By Lance D. Davis, NASA
Our solar system’s two biggest worlds – the mighty Jupiter followed by the glorious ringed Saturn – will appear in the sky next to each other at their closest since 1623 and closest visible from Earth since the Middle Ages in 1226. This will happen on Dec. 21, 2020, during an event called a “great conjunction.”
Astronomers use the word conjunction to describe close approaches of planets and other objects on our sky’s dome. They use great conjunction specifically for Jupiter and Saturn because of the planets’ top-ranking sizes.
Great conjunctions between Jupiter and Saturn happen every 20 years, making the planets appear to be close to one another. This closeness occurs because Jupiter orbits the Sun every 12 years, while Saturn’s orbit takes 30 years, causing Jupiter to catch up to Saturn every couple of decades as viewed from Earth.
The last conjuction between these planets took place on May 28, 2000. This year’s conjunction occurs on Dec. 21, which coincidentally is also the date of the winter solstice in the Northern Hemisphere. The 2020 conjunction is unique because of how close Jupiter and Saturn will appear. In most conjunctions, Jupiter and Saturn pass within a degree of each other. This year, they will pass 10 times closer to each other – the closest in nearly 400 years.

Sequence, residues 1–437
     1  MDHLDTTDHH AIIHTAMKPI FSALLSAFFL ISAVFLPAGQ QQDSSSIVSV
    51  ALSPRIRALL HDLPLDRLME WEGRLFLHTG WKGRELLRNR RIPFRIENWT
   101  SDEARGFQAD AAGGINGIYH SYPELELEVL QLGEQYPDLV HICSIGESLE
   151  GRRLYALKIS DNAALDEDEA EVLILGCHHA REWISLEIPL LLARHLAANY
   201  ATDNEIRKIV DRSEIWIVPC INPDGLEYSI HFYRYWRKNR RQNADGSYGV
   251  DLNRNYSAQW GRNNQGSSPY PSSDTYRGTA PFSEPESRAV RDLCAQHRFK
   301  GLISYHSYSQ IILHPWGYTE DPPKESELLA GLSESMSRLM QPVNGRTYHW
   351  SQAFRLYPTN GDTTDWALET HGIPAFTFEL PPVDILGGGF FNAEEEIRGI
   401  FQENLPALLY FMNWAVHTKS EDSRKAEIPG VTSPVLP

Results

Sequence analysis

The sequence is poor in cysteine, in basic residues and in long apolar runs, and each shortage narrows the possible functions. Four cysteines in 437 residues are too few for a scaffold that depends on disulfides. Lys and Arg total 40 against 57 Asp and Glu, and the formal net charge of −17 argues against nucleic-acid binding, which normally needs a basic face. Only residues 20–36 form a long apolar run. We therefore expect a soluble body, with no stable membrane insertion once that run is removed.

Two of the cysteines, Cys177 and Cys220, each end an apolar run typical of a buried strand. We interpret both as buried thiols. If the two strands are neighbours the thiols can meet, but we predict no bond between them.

through a telescope at approximately 5:15 p.m. (EST) on Dec. 21. Credit: NASA
Currently, you can watch Jupiter and Saturn get closer in Earth’s sky each evening until their grand finale on Dec. 21. Just look for them shortly after sunset, shining brightly and low in the southwestern sky. Also, tune in to NASA Science Live or NASA Facebook on Dec. 17 at 3:00 p.m. EST (2:00 p.m. CST) and learn how to see Jupiter and Saturn’s great conjunction.
During the great conjunction, the giant planets will appear just a tenth of a degree apart – that’s about the thickness of a dime held at arm’s length! This means the two planets and their moons will be visible in the same field of view through a small telescope. Truly, this is a once-in-a-lifetime event!
Some astronomers suggest the pair will look like an elongated star and others say the two planets will form a double planet. To know for sure, we’ll just have to look and see. Either way, take advantage of this opportunity because Jupiter and Saturn won’t appear this close in the sky until 2080!
Additional Information & Resources:
› Learn how to photograph the Jupiter-Saturn conjunction.
› Read about mission visits to Jupiter and Saturn.
› Find an astronomy club or event near you!
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